1. All Public and Private In-Person Gatherings All public and private in-person gatherings of more than 25 individuals are prohibited. The presence of more than 25 individuals performing functions of their employment or assembled in an educational instructional setting is not a “gathering.” A “gathering” includes, but is not limited to, parties, celebrations, or other social events,
whether they occur indoors or outdoors.

Individuals may attend religious services of more than 25 people subject to the following requirements:

a. Individuals attending religious services must be at least six feet apart when seated and must practice proper physical distancing at all times. Family members, as defined below, may be seated together.

b. Mark seating and common areas where attendees may congregate in six-foot increments to maintain physical distancing between persons who are not Family members.

c. Any items used to distribute food or beverages must be disposable, used only once and discarded.

d. Practice routine cleaning and disinfection of frequently-contacted surfaces must be conducted prior to and following any religious service.

e. Post signage at the entrance that states that no one with a fever or symptoms of COVID-19 is permitted to participate in the religious service.

f. Post signage to provide public health reminders regarding physical distancing, gatherings, options for high-risk individuals, and staying home if sick.

g. Individuals attending religious services must wear cloth face coverings in accordance with Amended Executive Order 63, Order of Public Health Emergency Five.

h. If religious services cannot be conducted in compliance with the above requirements, they must not be held in-person.

Further, any social gathering held in connection with a religious service is subject to the public and private in-person gatherings restriction in section B, paragraph 1. Additional suggested guidance can be found here.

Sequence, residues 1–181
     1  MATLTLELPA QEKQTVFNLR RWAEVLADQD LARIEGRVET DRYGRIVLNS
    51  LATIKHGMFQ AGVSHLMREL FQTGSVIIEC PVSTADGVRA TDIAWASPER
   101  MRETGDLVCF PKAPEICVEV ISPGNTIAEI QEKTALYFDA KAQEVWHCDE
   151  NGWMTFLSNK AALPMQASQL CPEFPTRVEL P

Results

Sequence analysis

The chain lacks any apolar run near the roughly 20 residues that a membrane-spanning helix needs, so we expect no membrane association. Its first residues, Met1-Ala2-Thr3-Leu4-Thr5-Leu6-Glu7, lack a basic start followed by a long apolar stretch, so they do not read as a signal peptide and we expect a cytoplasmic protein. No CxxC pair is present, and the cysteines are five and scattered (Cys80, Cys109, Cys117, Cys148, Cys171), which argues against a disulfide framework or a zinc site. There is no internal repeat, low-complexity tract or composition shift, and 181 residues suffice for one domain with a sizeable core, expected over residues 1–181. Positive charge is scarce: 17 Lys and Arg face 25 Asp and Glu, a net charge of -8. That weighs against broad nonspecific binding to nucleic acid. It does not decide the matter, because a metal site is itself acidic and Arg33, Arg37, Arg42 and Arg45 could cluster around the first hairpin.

2. Institutions of Higher Education
Institutions of higher education shall comply with all applicable requirements under the Phased Guidance of Virginia Forward and the “Guidelines for All Business Sectors.” Any postsecondary provider offering vocational training in a profession regulated by a Virginia state agency/board must also comply with any sector-specific guidelines relevant to that profession to the extent possible under the regulatory training requirements. Such professions may include but are not necessarily limited to aesthetician, barber, cosmetologist, massage therapist, nail technician, and practical nurse.

3. Overnight Summer Camps
Overnight services of summer camps, as defined in § 35.1-1 of the Code of Virginia, must remain closed.

4. Enforcement
Violations of section B paragraphs 1, 2, and 3 of this Order shall be a Class 1 misdemeanor pursuant to § 44-146.17 of the Code of Virginia.

C. REQUIREMENTS FOR ESSENTIAL RETAIL BUSINESSES

1. Essential Retail Businesses

Essential retail businesses as set out below may continue to remain open during their normal business hours.

a. Grocery stores, pharmacies, and other retailers that sell food and beverage products or pharmacy products, including dollar stores, and department stores with grocery or pharmacy operations;

b. Medical, laboratory, and vision supply retailers;

c. Electronic retailers that sell or service cell phones, computers, tablets, and other communications technology;

d. Automotive parts, accessories, and tire retailers as well as automotive repair facilities;

e. Home improvement, hardware, building material, and building supply retailers;

f. Lawn and garden equipment retailers;

g. Beer, wine, and liquor stores;

h. Retail functions of gas stations and convenience stores;

i. Retail located within healthcare facilities;

j. Banks and other financial institutions with retail functions;

k. Pet and feed stores;

l. Printing and office supply stores; and

m. Laundromats and dry cleaners.

They must comply with the Guidelines for All Business Sectors expressly incorporated by reference and linked here. Employers are required to provide face coverings to employees. If any such business cannot adhere to these requirements, it must close.

2. Enforcement